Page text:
Oscar Valdez fought depression before his return to the ring

PHOENIX — It’s April 2022 and Oscar Valdez is leaving the ring as a loser for the first time in his pro career.

He had just faced Shakur Stevenson — an arguable pound-for-pound No.1 boxer in the future — and surrendered a lopsided decision win to the canny American.

Stevenson beat him to the punch, dropped him midway through the fight, and even showboated before the bell as he pitched a punch-perfect game. 

In a city renowned for its comedy, music, and acrobatics, Stevenson’s masterclass remained one of the best performances Las Vegas had seen that year.

It was not what Valdez was used to.

Valdez had gotten accustomed to swarming opponents with punches so blistering they can’t help but stagger, and dropped men with such aplomb that referees waved the bout in an instant.

He’s beaten Scott Quigg on points, knocked out Miguel Berchelt to win the WBC super featherweight title, and defended that belt by decisioning Robson Conceicao. 

Valdez is a two-time Olympian and a two-weight world champion.

After facing Stevenson, Valdez was left with a cut below the eye and superficial bruising. His greater injuries, though, were mental. The defeat left him down.

Valdez told ProBox TV off-stage Thursday that he suffered “minor depression.”

“I want to say that there were very sad moments, for me, for at least a couple of weeks,” he said.

Valdez was defeated on the night against Stevenson, and beaten mentally from April through May. 

A fighter returns

Valdez is one of boxing’s toughest men, and has the unmistakable aura of a champion.

He’s one of Top Rank’s marquee fighters, and an inspiration to young Mexicans just like Marco Antonio Barrera, Erik Morales, and Fernando Vargas were an inspiration to him growing up.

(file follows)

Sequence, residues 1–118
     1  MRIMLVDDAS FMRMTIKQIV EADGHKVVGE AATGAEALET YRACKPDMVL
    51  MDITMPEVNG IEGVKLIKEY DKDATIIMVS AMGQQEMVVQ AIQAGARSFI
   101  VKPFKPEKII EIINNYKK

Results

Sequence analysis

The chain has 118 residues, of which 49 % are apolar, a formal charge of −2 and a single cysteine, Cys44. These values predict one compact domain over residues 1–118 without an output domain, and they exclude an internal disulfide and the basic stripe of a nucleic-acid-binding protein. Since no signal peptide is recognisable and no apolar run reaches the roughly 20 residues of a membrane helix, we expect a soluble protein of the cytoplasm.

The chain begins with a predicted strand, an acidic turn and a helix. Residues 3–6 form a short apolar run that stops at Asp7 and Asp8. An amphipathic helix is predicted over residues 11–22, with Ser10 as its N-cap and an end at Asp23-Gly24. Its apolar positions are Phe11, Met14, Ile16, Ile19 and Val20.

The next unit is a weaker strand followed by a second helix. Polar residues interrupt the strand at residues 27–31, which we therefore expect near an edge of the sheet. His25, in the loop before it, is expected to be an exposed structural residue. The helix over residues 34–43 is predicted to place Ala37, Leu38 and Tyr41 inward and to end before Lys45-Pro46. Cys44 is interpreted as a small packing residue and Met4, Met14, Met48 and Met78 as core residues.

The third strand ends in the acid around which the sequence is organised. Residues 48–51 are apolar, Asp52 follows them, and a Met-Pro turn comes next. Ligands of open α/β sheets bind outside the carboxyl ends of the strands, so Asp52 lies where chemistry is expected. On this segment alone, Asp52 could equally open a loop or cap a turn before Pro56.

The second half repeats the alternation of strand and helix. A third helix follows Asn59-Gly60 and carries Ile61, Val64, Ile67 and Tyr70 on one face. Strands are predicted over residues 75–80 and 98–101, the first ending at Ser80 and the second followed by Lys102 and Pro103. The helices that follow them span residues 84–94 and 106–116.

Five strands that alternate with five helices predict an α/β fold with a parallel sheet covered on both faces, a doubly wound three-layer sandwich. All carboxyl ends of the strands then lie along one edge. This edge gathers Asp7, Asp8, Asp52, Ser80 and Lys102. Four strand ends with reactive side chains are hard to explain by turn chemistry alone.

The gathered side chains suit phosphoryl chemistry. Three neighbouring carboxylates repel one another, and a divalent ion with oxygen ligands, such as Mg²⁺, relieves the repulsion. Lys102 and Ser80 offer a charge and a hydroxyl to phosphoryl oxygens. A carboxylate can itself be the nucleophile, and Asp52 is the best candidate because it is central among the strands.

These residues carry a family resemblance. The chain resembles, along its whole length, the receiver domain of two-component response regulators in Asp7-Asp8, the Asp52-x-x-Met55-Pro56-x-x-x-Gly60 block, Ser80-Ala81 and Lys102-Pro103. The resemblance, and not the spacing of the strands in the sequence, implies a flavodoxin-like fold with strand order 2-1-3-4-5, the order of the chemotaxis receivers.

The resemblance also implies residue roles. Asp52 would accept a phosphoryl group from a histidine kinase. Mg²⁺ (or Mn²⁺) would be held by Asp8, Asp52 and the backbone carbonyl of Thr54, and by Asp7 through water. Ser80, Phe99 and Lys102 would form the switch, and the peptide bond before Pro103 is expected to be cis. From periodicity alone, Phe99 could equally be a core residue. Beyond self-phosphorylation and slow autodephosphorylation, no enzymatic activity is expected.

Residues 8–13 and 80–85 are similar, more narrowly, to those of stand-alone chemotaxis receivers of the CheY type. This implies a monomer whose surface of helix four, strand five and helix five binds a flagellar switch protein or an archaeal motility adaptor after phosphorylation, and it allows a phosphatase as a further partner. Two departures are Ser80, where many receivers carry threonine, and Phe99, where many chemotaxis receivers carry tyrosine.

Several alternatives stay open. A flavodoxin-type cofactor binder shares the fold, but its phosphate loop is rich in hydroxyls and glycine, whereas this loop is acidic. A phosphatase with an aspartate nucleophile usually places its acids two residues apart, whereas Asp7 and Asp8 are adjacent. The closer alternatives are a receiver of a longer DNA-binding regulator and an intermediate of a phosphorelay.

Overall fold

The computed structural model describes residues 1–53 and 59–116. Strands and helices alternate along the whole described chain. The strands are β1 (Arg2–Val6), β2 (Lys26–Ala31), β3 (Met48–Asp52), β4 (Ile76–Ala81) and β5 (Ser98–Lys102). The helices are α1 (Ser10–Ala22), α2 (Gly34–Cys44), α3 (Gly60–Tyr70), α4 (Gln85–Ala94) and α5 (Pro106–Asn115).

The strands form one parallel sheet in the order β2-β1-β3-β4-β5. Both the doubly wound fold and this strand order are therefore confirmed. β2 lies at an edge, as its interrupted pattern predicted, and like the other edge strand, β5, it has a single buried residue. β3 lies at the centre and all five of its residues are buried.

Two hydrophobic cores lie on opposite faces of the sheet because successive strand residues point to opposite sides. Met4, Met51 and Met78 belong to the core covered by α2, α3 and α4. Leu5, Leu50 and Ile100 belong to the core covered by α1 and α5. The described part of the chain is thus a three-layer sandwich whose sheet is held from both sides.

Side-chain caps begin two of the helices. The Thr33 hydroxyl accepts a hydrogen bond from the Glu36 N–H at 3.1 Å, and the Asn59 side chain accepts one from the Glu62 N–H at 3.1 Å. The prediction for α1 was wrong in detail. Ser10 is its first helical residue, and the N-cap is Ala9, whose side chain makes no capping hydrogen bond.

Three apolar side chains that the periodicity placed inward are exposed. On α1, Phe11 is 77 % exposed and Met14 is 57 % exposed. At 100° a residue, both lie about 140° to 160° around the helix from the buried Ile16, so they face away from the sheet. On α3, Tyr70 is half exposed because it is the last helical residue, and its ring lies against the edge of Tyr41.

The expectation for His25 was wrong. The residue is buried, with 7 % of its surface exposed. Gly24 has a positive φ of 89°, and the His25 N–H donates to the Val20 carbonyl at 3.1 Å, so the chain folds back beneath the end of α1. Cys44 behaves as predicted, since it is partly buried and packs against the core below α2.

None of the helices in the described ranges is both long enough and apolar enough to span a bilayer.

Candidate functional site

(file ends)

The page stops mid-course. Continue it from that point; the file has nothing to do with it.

But he too, like many of us, has his down days.

One morning, the days no longer seemed as bad for Valdez.

Time is a great healer and he realized his dream of becoming one of Mexico’s great boxers was not going to present itself to him from the cold side of his pillow. 

“I’m a fighter,” Valdez started thinking, increasingly unfazed as the days went by. 

“I’ve been fighting my whole life in and out of the ring. I’m going to do it one more time.”

“It was time to get back into the ring,” he told himself. “So I got up and I started fighting.”

Valdez returned three months ago to out-point Adam Lopez at the MGM Grand Garden Arena — the same Vegas venue he had lost in more than one year before.

The victory showed to Valdez that boxing is a sport that offers highs and lows in successive nights, for he was happy once again.

“Don’t give up on your dreams,” Valdez told ProBox TV. Things can change overnight, over weeks, or over months, he said. “But they do change.”

On Saturday, at the Desert Diamond Arena in Glendale, Valdez challenges Emanuel Navarrete for his WBO junior lightweight championship. It is the biggest test of Valdez’s post-Stevenson career. 

“This fight means the world to me,” Valdez said earlier this week. “The loss to Shakur sparked something different in me. It woke something up.”

Valdez missed the sport, he said, and missed being a world champion in the year he spent away from the ring. 

It’s something he can recover Saturday should he slay Navarrete in this world title fight.

“I want to win,” he said. “I am ready.”

Valdez’s world title fight with Navarrete airs Saturday from 5 p.m. PT on ESPN.